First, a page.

Although my mother had been brought up in an orthodox Jewish home, my Dad was never even a bar mitzvah. His religion was the Democratic Party, FDR was God and he considered election day his holy day of obligation.
My Father's Religion was the Democratic Party
I remember my father hunched over the round end table in the living room of our small Bronx apartment, sharpened pencil in hand. It is the presidential election in 1948 and he is busy creating a well ordered list of the states with boxes for each of their electoral votes. Before the magic of instant computer calculations on television, my father would manually tally the electoral votes while listening to the returns on the radio. This is my earliest memory of him. My father, usually laid back and undemonstrative, acted almost giddy the next morning with the news that Truman had won re-election.
Our family dinner conversations were generously sprinkled with his take on current events and politics, and I witnessed debates with his extended family that bordered on great theatre. My father was very anti-communist, but his brother-in-law, my Uncle Grisha, was a card carrying Communist . (Dad saw the success of the New Deal as the answer to socialism). In the throws of a disagreement, my uncle and my father would leap out of their chairs with Grisha screaming “You just don’t understand Stalin and the Soviets”, with my Dad yelling back, “I understood Stalin the minute he signed a pact with Hitler!” The decibel level was high, with my mother trying to calm things down by reminding everyone of “the neighbors”. As a child I never really understood exactly what they were yelling about, but this frenzy never frightened me. I learned that politics was a passionate and exciting game, and it was one of the few times I saw my father animated about something. (My mother, by contrast, kept silent during these debates, other then to try to shut everyone up. I knew she voted every year, but I never once heard her utter a political opinion.)
Some of mother’s relatives were eager political commentators as well. The family had started a cousins club where there would usually be a meeting about the purchase of cemetery plots in New Jersey. It was stupefying, but there was often a vigorous political conversation over coffee and cake. Here cousin Leon, also a Communist, would do battle with Dad and my Aunt Rosalind, who was a Jewish outlier – a Republican! Political oil and water, but I loved the rousing debates.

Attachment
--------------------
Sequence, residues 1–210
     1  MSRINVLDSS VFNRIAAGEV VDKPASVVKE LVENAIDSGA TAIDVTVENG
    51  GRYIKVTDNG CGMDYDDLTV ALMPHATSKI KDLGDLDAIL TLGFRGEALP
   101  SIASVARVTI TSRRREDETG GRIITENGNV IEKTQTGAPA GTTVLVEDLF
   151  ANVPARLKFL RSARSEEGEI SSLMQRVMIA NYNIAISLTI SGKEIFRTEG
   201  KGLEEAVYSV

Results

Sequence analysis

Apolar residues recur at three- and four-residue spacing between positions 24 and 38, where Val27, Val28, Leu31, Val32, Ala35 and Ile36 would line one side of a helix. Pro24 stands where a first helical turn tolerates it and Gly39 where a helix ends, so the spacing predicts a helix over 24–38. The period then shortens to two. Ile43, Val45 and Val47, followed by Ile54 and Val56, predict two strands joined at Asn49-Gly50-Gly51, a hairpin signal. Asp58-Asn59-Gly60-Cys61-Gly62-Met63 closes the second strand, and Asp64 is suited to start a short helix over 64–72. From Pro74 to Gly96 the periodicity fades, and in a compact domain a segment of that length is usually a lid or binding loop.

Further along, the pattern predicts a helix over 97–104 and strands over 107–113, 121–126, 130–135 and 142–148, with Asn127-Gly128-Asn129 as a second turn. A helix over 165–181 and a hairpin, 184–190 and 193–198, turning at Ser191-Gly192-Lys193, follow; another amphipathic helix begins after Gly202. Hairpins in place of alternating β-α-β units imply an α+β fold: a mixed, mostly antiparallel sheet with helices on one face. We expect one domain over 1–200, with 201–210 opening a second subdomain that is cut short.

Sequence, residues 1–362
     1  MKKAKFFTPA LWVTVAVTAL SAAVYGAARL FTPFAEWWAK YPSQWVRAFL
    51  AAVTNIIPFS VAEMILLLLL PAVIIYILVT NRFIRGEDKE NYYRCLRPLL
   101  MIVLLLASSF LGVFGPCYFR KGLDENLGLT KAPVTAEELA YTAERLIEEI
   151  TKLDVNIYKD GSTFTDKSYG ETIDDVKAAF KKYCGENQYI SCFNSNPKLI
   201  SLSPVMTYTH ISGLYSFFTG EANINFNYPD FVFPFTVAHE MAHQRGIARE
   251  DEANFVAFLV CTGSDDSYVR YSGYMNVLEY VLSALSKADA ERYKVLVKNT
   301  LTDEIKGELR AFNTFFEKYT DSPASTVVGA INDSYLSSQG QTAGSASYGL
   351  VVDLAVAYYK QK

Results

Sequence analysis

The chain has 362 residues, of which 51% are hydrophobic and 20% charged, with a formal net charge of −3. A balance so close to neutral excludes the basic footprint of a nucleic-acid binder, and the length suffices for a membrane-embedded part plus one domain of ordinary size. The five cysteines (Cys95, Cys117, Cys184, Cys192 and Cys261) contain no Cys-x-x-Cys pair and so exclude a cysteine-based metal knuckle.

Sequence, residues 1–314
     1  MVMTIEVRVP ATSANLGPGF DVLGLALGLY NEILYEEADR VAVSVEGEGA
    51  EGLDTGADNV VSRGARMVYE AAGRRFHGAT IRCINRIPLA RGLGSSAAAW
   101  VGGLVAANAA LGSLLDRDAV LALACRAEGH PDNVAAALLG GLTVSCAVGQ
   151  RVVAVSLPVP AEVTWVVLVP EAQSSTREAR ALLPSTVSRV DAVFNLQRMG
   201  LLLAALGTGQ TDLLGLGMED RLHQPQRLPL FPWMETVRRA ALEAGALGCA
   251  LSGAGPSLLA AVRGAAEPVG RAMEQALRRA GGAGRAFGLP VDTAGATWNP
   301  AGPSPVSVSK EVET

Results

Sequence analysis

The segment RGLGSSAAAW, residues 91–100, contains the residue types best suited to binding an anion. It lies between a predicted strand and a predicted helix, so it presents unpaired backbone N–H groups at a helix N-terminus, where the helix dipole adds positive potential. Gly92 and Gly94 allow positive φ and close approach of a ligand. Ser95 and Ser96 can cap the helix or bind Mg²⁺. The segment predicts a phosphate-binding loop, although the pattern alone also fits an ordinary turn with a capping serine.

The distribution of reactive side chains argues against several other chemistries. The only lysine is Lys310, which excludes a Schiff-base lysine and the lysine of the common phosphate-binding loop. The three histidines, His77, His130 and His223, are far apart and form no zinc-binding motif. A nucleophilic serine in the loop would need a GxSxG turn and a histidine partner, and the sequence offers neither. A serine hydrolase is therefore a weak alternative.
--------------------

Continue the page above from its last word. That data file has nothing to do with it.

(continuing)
I never participated in any of these discussions. I just listened and took it all in. But I was fascinated and drawn to the excitement of a political duel.
I got to witness full political spectacle in full technicolor when I became a “Johnson Girl” at the 1964 Democratic National Convention in Atlantic City. It was a political junkie’s dream. I rubbed shoulders with Robert Kennedy and Hubert Humphrey. And I stood just a few feet away from Martin Luther King, Jr. during a spontaneous interview with him by a small group of reporters about the controversial issue of seating delegates from Mississippi. I was a star-struck groupie. An Adlai Stevenson sighting in a restaurant definitely trumped a view of super stars Paul Newman and Barbra Streisand who appeared at a youth rally.
The most thrilling event occurred the night of President Johnson’s acceptance address. The “Johnson Girls” were randomly directed to seat the delegates and I was assigned to the New York delegation which had front row seats right under the main podium. I ushered in the most important Democrats in New York State. And because of my father, I knew all about most of them. I directed “Boss” James Farley, the aristocratic Averell Harriman, congressmen and state senators to their seats. I knew them like a baseball fan knows his statistics: who’s in a slump and who’s on a streak, who’s up and coming and who’s headed to retirement. And President Johnson was less than 30 feet away! All I could think about was how excited my Dad would be knowing that I was rubbing shoulders with his heroes. I couldn’t wait to get home and tell him.
I expected to go over all of the details with him about this amazing week, but I have no memory of any post convention discussion. Because when I arrived home, my parents told me the news that my beloved Uncle Jack, who had been sick for a long time, had died while I was away. My mother and my father had kept the news from me, not wanting to ruin what they knew was such a special time. I expressed annoyance at first for not being told, but secretly I was glad they had waited to tell me the bad news.
My Dad died many years ago, the last decade of his life in an Alzheimer’s haze. I don’t think as much about him any more, but when I’m watching television during political conventions, hearing political debates or speeches, and especially when the votes are being tallied, I feel the excitement that he experienced and passed on. It was his legacy to me.